Complain up

In the movie “Saving Private Ryan”, the small group of soldiers sent to save Private Ryan are trying to get their captain to complain about how stupid their mission is.  Tom Hanks character explains to the men that he doesn’t complain down, only up…that’s just the way things work.  If the captain had given in and moaned and groaned with the rest of this men, they would all have been paralyzed in achieving their objective.

How are you at listening to complaining without joining in?

Speed of the Leader, speed of the team. 

This is one of those overused phrases where I work, yet it is uber-true.  Your team, whether staff or volunteer are looking to you.  They are complaining to you, to see how you are going to respond.  What do you think of the situation?  What is your perspective?  Do you think this plan is as idiotic as the rest of us?

They don’t really know they are doing it, but they are being used to set a trap for you.  They are trying to get you to agree with them, to validate their feelings.  They want someone to help justify their negativity.

What they really need is someone to rise above the situation and provide necessary optimism.  As a leader, you should have a large and wider perspective on why things are playing out in a certain way, and it is your job to point people towards the glass being half full, not half empty.

In my everyday life, I am in need of vision.

I need to be called to something greater…to be lifted up past my complaints.

The people you lead need this too.

As their leader, if you don’t give it to them, who will?

photo by: aturkus

critiquers, complainers and quarterbacks

Colin Powell’s Rule #12 Continued:  Don’t take councel from your fears or naysayers.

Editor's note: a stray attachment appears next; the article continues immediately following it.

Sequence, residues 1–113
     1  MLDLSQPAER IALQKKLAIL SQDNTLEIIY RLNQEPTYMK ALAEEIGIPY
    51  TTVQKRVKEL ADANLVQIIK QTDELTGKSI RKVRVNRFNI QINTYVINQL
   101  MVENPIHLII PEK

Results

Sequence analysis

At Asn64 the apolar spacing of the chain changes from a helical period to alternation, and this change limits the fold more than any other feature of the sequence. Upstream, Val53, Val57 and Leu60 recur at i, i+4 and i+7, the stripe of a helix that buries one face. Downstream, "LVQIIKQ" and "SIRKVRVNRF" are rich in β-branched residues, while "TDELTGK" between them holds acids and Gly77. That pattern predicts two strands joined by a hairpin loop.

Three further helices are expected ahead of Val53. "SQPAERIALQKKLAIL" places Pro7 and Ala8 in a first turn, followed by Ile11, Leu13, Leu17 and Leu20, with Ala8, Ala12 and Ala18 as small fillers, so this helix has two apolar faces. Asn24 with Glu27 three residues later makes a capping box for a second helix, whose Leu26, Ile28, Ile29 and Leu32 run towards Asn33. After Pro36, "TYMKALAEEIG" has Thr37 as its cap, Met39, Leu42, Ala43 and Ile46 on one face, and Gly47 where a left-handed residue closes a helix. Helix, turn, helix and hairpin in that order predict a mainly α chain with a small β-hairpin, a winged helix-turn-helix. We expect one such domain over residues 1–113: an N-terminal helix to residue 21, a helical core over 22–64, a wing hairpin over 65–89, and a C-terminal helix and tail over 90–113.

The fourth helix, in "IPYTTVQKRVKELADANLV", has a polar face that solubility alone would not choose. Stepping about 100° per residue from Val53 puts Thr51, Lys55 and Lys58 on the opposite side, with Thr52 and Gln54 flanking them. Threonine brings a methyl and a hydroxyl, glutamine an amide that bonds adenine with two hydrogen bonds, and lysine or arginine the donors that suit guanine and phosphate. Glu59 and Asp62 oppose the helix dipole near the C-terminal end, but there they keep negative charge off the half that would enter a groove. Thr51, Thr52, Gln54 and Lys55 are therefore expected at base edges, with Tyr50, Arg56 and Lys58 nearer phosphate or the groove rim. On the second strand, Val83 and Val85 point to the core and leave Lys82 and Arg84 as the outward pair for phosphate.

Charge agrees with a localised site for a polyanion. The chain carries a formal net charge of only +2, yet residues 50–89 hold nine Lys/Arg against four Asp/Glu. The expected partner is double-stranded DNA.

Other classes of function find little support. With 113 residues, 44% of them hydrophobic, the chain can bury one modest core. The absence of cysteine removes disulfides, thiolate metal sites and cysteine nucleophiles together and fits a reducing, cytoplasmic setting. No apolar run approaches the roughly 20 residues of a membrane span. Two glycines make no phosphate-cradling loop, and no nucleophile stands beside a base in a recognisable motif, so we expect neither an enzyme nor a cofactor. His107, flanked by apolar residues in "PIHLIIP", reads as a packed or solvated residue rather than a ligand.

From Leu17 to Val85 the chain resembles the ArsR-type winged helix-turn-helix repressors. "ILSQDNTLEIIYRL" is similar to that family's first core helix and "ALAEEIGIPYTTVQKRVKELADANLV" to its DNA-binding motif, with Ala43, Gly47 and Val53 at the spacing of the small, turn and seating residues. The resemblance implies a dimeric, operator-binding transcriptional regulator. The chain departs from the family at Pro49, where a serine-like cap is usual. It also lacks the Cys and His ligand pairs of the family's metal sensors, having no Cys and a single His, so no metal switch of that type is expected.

In the last post, I talked about not taking counsel of your fears.  Now onto the second group not to take counsel from…naysayers.

No matter what church you are a part of, or whether you are an audio, video or lighting person, we all have the same groups of naysayers:

“How hard can it be? All’s you’ve got to do is…”

“It’s too loud.” or “Why do you have to shine the light in my eyes.”

“We can’t put the drums there.  We always put them on stage right.”

These are just a few examples of types of naysayers:  some that don’t understand anything about the world of production; those that are just consumers of the content you are trying to enhance; and team members that always have a better idea of what you should have done.  How do we handle each of these different groups?

Uneducated

Most non-production people have no idea what it takes to do what you do and for many of them, they just see the end result of all your hard work.  To help educate the uneducated, we need to figure out a way to tell the story about what it takes to do the amazing things that you do.  To just say “yes” or “no”, without a story isn’t helpful.